Eye on the Economy: Existing Home Sales Spring Forward


Spring brought good news for housing: a rise in pending and completed existing home sales. New home sales declined significantly in March, but the current pace of newly-built home purchases is up almost 20% from a year ago.

Existing home sales soared 6.1% in March, with the share of sales for first-time buyers also increasing, according to estimates from the National Association of Realtors (NAR). The pace of existing sales was up 10.4% from the same period a year ago and has increased on a year-over-year basis for six straight months. The March increase was the largest monthly jump since December 2010.

As estimated by NAR, the first-time buyer share increased to 30% in March, up from 29% in February and 28% in January. Reports of easing mortgage standards will help this group, while a the return to a typical 40% share should come with the full economic recovery

Existing sales should increase in the months ahead, as demonstrated by the NAR Pending Home Sales Index, which increased 11.1% on a year-over-year basis in March. The index has now grown for seven consecutive months and has reached its highest level since June 2013.

Strength in the existing home sale sector is good news for remodelers. In terms of sector sentiment, the NAHB Remodeling Market Index declined to 57 in the first quarter, but has been above the key confidence mark of 50 for two years. NAHB is forecasting 2.3% growth for remodeling spending for 2015. And recently published NAHB 2014 survey data of professional remodelers indicated that once again kitchen and bath projects led project types, with window and door replacements coming in third.

Sales of newly built homes declined 11.4% in March to a seasonally adjusted annual rate of 481,000, according to data jointly published by the Census Bureau and HUD. However, the March rate of new home sales was 19.4% higher than the March 2014 pace.

Despite this drop, new home sales for the first quarter of 2015 reached the highest level experienced by the market since 2008. Average effective mortgage rates for new home sales remain low: 3.93% on average for March, according to the Federal Housing Finance Agency.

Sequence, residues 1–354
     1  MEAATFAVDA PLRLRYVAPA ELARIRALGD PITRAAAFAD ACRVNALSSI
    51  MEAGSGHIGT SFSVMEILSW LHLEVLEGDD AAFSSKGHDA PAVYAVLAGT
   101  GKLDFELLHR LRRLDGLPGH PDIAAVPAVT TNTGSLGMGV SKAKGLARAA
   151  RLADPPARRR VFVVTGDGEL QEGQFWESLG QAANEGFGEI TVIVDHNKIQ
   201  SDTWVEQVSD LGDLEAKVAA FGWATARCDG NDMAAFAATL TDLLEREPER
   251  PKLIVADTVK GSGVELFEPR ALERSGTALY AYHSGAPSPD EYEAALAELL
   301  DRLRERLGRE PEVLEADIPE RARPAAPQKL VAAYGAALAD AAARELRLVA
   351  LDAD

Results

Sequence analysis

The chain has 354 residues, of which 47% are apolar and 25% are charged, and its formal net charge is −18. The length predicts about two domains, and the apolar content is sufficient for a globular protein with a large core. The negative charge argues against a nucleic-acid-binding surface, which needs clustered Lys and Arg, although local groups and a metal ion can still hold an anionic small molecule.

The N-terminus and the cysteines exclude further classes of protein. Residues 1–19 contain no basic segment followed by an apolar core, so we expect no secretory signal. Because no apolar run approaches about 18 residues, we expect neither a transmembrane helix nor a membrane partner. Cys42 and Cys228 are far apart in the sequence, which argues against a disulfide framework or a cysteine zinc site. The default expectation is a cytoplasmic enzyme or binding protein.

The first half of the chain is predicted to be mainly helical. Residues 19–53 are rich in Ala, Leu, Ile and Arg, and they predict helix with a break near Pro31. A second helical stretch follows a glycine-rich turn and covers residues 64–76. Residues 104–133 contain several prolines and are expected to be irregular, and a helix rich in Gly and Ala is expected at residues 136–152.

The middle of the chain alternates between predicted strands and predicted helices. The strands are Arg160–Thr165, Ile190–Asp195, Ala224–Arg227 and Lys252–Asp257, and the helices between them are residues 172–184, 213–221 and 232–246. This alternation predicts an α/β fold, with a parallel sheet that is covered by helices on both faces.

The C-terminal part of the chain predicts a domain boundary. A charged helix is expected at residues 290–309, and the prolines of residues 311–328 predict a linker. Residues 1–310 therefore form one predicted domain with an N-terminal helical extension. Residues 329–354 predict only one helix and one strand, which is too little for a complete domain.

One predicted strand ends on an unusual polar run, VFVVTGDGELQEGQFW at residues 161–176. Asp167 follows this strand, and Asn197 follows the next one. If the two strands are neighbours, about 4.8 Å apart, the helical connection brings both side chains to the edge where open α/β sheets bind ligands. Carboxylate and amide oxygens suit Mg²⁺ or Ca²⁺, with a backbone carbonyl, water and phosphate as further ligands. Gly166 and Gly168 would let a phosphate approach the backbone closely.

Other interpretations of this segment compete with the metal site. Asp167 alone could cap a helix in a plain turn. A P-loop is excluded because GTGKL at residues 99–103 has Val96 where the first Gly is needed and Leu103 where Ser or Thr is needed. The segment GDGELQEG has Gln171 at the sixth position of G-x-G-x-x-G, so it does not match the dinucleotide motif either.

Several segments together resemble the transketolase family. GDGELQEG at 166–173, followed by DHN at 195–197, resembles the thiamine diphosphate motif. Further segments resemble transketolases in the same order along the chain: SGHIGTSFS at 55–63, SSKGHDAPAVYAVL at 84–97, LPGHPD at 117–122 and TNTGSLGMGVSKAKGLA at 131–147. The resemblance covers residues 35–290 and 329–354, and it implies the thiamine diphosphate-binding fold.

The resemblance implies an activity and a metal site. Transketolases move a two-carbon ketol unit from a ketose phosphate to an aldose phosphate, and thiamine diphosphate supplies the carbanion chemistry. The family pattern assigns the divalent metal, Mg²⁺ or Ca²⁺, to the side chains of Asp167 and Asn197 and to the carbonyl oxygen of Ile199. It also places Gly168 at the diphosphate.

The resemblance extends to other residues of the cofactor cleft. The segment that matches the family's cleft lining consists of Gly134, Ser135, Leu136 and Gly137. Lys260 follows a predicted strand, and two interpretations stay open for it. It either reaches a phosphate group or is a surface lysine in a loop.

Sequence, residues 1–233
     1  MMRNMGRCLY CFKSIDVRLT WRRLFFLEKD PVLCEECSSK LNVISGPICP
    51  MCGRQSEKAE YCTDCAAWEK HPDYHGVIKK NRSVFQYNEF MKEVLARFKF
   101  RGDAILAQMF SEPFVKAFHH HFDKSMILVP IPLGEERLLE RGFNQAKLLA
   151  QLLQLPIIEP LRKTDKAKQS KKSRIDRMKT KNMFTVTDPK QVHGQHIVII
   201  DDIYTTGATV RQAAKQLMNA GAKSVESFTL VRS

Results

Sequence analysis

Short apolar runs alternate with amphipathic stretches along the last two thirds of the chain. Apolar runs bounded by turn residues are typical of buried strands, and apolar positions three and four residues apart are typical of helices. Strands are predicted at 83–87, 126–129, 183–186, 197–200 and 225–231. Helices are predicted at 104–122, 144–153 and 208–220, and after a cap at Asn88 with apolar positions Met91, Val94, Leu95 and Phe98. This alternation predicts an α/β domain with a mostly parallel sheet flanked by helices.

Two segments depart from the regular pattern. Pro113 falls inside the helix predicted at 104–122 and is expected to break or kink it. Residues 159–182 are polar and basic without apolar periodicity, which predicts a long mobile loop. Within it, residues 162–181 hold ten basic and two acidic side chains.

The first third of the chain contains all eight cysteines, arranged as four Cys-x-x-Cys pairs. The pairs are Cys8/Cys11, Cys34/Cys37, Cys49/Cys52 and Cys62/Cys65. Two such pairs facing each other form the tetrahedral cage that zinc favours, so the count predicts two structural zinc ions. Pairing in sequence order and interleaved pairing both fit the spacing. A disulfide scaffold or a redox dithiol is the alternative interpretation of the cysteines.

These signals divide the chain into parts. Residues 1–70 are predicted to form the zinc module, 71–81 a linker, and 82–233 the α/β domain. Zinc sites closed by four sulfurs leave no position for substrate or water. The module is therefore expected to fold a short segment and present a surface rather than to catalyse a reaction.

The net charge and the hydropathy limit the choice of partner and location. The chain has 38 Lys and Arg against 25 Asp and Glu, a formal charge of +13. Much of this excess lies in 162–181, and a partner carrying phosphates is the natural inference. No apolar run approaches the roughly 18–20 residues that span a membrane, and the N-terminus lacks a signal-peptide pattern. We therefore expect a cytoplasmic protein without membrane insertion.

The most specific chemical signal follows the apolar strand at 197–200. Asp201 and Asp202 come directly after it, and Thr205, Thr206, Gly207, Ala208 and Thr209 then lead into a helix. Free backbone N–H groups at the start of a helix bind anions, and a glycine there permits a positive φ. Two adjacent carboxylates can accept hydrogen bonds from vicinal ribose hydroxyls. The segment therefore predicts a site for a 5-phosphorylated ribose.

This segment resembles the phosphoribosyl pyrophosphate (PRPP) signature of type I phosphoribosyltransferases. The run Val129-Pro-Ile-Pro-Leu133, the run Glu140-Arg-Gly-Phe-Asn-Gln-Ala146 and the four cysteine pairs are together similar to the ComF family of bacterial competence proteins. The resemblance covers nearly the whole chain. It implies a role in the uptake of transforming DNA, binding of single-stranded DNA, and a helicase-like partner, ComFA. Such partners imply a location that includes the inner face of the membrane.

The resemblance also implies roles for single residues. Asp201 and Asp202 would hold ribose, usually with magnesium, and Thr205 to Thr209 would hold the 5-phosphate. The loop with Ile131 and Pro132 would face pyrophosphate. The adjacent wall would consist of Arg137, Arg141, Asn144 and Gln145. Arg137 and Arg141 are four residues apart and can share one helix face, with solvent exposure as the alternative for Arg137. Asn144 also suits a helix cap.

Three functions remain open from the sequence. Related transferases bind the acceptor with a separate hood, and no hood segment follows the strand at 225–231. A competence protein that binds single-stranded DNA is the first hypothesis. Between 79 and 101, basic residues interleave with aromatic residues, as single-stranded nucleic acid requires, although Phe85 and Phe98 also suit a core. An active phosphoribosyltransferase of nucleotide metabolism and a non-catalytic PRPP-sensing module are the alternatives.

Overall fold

Additional data for the first quarter of 2015 indicate that the market share for FHA-backed mortgage sales of new homes increased to 16%, up from 10% at the end of 2014. This reverses a general trend over the last four years of declining shares for FHA-insured mortgages. However, as more first-time buyers enter the market, this share may experience some growth, along with a decline in the cash share of new homes, which is currently 4%.

Nonetheless, the homeownership rate for the United States continues to fall, as younger households instead fuel rental housing demand. According to the Census Bureau, the national homeownership rate fell to 63.7% for the first quarter. Ongoing declines for homeownership continue to be concentrated for households under age 45. In contrast, data for senior housing, such as the NAHB 55+ Housing Market Index, demonstrate strength.

However, a potential bright spot in the quarterly Census data has presented itself over the last six months. The rate of household formations appeared to pick up at the end of 2014, with recent gains coming in at a 1.5 million annualized pace, a significant uptick to post-recession trends. While much of this increase is and will continue to be concentrated in rental housing, higher rents will encourage existing renters to transition to homeownership in the coming years. Future quarters will prove to what degree this recent increase is a significant break with prior levels.

In the meantime, Census construction spending numbers for March illustrate the degree to which the ongoing home building recovery has been led by multifamily gains. Over the last year, the pace of private single-family construction spending increased 7.8% and multifamily construction spending increased 23.4%.

Finally, NAHB published survey data listing home builders’ reported top challenges for 2015. Topping the list was the cost and availability of labor, followed by building material prices. Recent NAHB Economics analysis highlighted recent developments in the residential construction labor force including various occupations’ wage gains over the 2012-2014 for the home building sector.

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1 reply

  1. You are Soooooooo RIGHT ON about this David! Thanks for speaking up on it!

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